The safety of hybrid cars has been called into question over the past few years, as studies determined that their quiet nature endangers pedestrians. Unlike noisy gas-only models, hybrids are so quiet that pedestrians can't hear them coming.
In fact, this hazard prompted Congress and President Obama to mandate that the National Highway Traffic Safety Administration (NHTSA) set noise mandates for hybrid vehicles, as part of the Pedestrian Safety Enhancement Act.
Though these noise modifications have yet to go into effect, hybrid cars have recently been heralded by safety advocates as more structurally sound for drivers than their gas-only twins.
The Highway Loss Data Institute conducted a study in which motor vehicles which are available both in hybrid and gas-only models were examined in relation to their accident-related injury rates. Drivers of traditional models are 25 percent more likely to be injured in a crash than those driving hybrid models of the same vehicle.
The study attributed the lower injury rates for hybrid drivers to the fact that hybrid models are roughly 10 percent heavier than their gas-only twins. The added weight allows the hybrid models advantages against the destructive forces involved in a crash.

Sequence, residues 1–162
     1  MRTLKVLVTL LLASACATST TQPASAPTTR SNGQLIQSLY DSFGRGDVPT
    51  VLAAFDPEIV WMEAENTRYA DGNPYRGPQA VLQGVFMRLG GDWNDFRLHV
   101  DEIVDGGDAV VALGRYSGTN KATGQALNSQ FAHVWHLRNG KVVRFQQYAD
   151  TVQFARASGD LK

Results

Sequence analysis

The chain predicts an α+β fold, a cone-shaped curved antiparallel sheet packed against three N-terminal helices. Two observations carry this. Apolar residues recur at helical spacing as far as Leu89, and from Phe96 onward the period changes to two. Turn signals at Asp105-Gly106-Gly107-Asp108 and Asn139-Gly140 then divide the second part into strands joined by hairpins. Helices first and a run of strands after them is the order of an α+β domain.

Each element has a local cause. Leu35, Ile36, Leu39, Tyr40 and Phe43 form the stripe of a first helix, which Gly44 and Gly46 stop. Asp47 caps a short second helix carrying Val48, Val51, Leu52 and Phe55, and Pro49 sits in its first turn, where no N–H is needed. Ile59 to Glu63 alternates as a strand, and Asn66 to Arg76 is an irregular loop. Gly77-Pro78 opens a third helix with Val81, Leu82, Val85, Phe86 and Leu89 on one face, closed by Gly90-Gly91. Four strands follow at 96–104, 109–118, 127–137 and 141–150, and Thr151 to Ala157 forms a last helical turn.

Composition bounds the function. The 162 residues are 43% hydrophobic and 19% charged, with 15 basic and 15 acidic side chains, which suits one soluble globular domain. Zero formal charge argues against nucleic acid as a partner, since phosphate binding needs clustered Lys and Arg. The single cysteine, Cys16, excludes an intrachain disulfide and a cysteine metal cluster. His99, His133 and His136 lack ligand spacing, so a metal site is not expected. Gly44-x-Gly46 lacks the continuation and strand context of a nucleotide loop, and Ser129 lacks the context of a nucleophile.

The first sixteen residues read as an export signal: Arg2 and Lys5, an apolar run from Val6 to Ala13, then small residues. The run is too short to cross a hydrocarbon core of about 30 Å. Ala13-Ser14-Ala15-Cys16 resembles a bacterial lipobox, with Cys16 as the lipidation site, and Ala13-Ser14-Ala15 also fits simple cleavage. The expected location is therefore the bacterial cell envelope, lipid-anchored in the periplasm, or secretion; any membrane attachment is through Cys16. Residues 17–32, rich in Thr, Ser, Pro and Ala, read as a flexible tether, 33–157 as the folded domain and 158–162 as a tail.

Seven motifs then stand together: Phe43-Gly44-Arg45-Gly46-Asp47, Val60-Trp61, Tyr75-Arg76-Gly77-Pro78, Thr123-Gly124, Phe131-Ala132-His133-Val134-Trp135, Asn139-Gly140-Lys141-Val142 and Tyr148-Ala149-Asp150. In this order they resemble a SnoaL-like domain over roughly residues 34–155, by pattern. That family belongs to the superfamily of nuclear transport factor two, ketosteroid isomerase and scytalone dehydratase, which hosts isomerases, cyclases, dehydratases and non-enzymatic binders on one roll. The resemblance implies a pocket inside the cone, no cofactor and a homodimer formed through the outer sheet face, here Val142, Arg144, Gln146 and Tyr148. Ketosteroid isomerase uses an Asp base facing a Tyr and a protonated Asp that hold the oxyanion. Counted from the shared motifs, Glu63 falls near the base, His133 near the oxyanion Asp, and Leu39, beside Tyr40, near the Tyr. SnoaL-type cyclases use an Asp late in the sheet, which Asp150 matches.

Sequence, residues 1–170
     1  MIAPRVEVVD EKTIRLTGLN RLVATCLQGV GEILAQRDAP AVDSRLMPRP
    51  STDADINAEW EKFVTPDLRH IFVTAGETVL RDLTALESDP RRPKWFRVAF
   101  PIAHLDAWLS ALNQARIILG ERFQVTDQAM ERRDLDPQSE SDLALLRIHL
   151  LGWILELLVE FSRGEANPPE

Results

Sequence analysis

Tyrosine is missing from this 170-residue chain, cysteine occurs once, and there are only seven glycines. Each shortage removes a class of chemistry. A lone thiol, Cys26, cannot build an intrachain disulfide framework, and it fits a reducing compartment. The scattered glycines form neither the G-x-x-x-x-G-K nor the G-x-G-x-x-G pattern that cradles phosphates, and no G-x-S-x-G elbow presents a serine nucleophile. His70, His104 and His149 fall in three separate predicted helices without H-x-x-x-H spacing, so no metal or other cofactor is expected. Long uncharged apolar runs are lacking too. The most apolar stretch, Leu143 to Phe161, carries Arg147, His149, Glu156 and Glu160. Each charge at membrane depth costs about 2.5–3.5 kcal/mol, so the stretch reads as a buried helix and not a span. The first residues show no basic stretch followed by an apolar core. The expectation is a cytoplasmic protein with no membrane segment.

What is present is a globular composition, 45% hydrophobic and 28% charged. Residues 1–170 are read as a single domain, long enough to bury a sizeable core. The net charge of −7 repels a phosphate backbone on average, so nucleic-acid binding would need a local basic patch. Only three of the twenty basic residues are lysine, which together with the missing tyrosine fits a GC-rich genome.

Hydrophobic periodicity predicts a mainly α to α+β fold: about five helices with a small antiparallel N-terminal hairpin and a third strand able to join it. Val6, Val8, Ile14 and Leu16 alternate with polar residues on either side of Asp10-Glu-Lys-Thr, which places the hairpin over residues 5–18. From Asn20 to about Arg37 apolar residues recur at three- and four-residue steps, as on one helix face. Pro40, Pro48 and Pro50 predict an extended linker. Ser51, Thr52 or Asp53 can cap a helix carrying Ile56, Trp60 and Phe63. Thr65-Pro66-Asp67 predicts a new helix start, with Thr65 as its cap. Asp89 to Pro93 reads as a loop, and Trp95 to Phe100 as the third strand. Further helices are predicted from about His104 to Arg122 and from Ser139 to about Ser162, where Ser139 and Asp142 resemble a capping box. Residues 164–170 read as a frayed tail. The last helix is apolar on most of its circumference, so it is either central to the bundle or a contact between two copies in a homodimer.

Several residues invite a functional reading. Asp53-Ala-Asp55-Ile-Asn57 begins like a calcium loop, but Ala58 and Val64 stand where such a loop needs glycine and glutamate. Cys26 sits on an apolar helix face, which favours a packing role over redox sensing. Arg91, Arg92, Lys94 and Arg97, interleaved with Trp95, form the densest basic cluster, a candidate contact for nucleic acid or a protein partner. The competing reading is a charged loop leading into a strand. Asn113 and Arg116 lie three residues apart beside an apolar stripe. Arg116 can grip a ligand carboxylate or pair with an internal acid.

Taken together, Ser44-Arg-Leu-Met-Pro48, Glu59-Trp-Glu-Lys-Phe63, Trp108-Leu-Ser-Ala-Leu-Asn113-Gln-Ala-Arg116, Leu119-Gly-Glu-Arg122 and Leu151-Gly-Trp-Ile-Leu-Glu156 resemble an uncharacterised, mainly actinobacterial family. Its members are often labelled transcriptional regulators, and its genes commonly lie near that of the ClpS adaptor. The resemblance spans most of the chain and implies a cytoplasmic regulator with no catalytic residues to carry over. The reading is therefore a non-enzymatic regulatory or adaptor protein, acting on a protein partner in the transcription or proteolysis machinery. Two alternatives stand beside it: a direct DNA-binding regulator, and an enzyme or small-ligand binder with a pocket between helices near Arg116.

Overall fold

When the Pedestrian Safety Enhancement Act was signed into law in January, the NHTSA was given three years to develop noise mandates for hybrids, in order to better protect pedestrians. Once these mandates go into effect and the risk for pedestrians is reduced, the added weight of hybrid models could make them some of the safest vehicles on the road.
Unfortunately, no safety enhancement can ever make a vehicle completely secure. If you or a loved one has been involved in a vehicle accident, please contact an experienced personal injury attorney, who can advise you of your legal options.